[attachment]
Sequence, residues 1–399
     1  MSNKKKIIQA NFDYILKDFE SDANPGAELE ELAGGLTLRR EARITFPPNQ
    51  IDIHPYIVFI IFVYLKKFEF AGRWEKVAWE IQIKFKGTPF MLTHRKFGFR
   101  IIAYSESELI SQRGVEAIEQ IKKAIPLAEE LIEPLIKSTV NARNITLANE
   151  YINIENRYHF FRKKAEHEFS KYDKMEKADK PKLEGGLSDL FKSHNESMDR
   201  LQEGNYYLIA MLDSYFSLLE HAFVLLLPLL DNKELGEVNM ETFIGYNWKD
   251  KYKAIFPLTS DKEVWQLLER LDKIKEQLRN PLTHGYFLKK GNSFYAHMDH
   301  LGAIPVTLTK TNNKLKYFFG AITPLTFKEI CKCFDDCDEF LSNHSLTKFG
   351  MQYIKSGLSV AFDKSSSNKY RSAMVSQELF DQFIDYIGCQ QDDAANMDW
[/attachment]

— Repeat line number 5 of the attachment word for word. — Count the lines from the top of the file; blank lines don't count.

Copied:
   151  YINIENRYHF FRKKAEHEFS KYDKMEKADK PKLEGGLSDL FKSHNESMDR